The Namibian (Windhoek)

Southern Africa: 'Paper Rights' But No 'Substantive Rights' for SADC Women

SENIOR government officials and delegates from the Southern African Development Community (SADC) agencies responsible for gender and women's affairs are meeting in Windhoek to consider successes and progress made during 2010/11 in the achievement of gender equity and women empowerment.

A 10-year review done in 2005 on the status of gender equity and women's empowerment showed that there is a disparaging representation of 'paper rights' and 'substantive rights' to women.

This, the review found, holds implications for economic growth, development and poverty eradication in the region.

In fact, there is evidence pointing to the 'feminine face' of poverty while women's status remain relatively low compared to that of their male counterparts.

Women and girls are still considered to be more vulnerable to HIV infections than men and boys, while laws, services and resources to address gender-based violence are still "patchy".

So far, member States have ratified legal instruments designed to promote gender equity and women empowerment variously.

All countries have adopted the SADC Declaration on Gender and Development, but there is a gap in the implementation and monitoring of the programmes set out under this declaration.

All governments have similarly ratified the Convention on all Forms of Discrimination Against Women (CEDAW), but most have not domesticated the convention.

In 2005, the region had committed to achieve 50 per cent of women participation in leadership and decision making at all structures. The previous target was a minimum of 30 per cent, a target which SADC admitted few countries have met.

By 2008, women parliamentarians in SADC averaged 20 per cent representation, which, at the time, was above the world average of 17,2 per cent.

At ministerial level, the average was 21 per cent, and countries that have held elections or reshuffles, did not show much improvement.

After the 2008 election in Zimbabwe, only 13 per cent of women were elected in the House of Assembly. South Africa showed the highest figure of women in Cabinet (43 per cent), and Lesotho had 58 per cent at local government level, largely due to a legislated quota. Namibia's representation currently stands at 23 per cent in cabinet and 31 per cent for parliamentarians.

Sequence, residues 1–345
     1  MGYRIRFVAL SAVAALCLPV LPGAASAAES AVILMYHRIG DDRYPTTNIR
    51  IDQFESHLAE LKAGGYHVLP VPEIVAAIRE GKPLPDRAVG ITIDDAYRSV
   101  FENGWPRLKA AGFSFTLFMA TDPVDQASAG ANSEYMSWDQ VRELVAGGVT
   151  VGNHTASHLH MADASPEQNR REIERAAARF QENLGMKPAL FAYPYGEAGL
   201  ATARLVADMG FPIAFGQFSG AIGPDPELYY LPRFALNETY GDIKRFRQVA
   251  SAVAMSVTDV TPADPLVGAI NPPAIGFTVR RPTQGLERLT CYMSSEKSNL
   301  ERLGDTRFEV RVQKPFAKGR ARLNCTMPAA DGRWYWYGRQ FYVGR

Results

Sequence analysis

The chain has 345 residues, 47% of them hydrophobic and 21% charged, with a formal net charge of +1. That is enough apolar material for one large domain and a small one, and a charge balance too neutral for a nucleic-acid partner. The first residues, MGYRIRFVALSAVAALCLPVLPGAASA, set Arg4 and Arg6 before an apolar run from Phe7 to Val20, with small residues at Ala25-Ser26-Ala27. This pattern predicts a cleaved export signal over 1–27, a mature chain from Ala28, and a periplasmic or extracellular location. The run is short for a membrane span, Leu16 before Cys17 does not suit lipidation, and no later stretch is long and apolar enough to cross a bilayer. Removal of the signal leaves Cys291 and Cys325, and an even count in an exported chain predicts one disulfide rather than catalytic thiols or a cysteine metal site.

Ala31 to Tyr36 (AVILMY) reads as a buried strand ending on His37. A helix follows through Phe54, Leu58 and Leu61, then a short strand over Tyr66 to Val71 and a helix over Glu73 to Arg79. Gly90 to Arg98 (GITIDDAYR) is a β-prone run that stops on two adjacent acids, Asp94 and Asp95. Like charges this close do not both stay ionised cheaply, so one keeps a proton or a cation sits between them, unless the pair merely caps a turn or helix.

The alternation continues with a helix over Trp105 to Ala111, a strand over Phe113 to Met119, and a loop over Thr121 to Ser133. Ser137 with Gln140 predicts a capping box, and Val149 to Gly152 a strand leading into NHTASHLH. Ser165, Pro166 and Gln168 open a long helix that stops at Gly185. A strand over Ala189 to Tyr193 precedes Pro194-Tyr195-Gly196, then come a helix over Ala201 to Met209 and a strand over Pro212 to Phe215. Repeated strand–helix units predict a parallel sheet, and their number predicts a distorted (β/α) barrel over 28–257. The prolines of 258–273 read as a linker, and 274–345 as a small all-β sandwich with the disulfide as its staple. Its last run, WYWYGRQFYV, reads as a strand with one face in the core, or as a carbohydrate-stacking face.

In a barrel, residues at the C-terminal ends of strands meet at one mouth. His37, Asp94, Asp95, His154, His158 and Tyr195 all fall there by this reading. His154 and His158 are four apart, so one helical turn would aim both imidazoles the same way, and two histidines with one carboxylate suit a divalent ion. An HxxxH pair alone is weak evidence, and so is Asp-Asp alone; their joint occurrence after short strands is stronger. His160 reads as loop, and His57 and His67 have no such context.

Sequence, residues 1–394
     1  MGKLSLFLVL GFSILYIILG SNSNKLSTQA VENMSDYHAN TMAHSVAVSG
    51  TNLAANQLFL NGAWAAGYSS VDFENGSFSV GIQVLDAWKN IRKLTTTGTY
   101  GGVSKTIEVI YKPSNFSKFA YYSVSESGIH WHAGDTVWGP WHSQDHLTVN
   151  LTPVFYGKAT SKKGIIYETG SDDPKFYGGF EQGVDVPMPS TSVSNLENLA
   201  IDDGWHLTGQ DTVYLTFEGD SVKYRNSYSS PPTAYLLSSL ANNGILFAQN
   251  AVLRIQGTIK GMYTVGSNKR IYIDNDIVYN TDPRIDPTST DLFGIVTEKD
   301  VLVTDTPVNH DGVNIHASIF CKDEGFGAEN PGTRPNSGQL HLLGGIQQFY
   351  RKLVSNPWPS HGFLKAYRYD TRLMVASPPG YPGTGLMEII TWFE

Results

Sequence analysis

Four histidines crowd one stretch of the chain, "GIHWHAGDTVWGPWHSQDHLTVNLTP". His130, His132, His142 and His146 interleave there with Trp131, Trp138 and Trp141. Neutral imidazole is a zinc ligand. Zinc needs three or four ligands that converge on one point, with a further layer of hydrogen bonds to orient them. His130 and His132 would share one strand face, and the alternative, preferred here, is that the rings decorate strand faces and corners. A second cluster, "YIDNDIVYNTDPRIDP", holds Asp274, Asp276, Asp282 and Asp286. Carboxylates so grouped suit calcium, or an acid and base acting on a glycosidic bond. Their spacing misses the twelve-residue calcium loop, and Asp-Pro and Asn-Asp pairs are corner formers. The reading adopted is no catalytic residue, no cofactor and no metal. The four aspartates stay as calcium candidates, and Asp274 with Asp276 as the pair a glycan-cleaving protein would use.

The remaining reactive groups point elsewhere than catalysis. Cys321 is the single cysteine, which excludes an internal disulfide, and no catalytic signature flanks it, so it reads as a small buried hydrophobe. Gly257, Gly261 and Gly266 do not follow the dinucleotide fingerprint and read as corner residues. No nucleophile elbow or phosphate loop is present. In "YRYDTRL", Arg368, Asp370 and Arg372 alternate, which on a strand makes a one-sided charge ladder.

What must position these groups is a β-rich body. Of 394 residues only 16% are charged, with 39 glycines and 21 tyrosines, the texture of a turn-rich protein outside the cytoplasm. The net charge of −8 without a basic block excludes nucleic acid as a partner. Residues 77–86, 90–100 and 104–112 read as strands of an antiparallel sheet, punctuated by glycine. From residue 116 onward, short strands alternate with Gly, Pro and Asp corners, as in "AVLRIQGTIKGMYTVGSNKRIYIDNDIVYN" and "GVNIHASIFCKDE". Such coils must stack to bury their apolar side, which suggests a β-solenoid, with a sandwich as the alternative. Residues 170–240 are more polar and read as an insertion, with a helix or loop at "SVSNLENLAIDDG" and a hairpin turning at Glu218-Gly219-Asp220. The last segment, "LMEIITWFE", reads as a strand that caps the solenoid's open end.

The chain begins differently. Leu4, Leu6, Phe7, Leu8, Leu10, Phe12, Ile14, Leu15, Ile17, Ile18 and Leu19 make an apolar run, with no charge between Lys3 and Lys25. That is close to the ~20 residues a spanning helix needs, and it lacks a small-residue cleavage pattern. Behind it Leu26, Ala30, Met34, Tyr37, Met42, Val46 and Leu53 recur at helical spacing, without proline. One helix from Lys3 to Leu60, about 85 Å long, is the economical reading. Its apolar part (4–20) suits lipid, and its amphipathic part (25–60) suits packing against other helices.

In Namibia, the Minister of Gender Equality and Child Welfare, Doreen Sioka, said the country is doing its best to ensure that the country makes significant progress in line with the SADC Protocol on Gender and Development by 2015.

The protocol was adopted by SADC in 2003 to provide for the empowerment of women, to eliminate discrimination and to achieve gender equality and equity through the development and implementation of gender responsive legislation, policies, programmes, and projects.

So far, only eight SADC countries have ratified the protocol. Those that have not yet done so are South Africa, Zambia, Madagascar, and Malawi.

The SADC Secretariat has now initiated a SADC plan of action for 2012 to 2016 to provide for a clear implementation framework to operationalise the gender protocol at both regional and national levels. It will include a resource mobilisation plan and a stakeholder enrolment strategy.

The meeting in Windhoek will also consider informal cross-border trading, which is said to provide a safety net for the unemployed in the region. Three-quarters of informal cross-border trading also contribute to government revenues in southern Africa.

The average value of informal cross-border trade in southern Africa is estimated at US$17,6 billion per year, 70 per cent of the cross-border traders being women.

From a survey done by the United Nations Development Fund for Women (UNIFEM) involving 2000 women from Cameroon, Liberia, Mali, Swaziland, Tanzania, and Zimbabwe during 2007 to 2009, the majority said the proceeds from their trading is the main source of income for their families.

In SADC - specifically traders from Swaziland and Zimbabwe trading in Botswana, South Africa and Mozambique - cross-border trading has become a key to the survival of many.

A SADC study also found that this form of trading by women have cushioned the effects of the world financial and food crisis.

Yet, SADC noted, women are neglected by mainstream policies and institutions, which undermines the profitability and visibility of their activities.

The regional body said it intends to work with line ministries in countries, the private sector and traders to alleviate the bottlenecks of cross-border business, to harmonise trade policies with gender policies.

SADC further views the promotion of women entrepreneurs as a central economic concern.

Women form the majority of labourers in the agricultural sector for both cash crop and food production. Still, the majority of women lack access to and ownership of land, where most land laws do not explicitly state women's right to land. Those in business also face challenges to access financing.

It was for this reason that the SADC Women in Business Association was formed to advance the interests of women in business.

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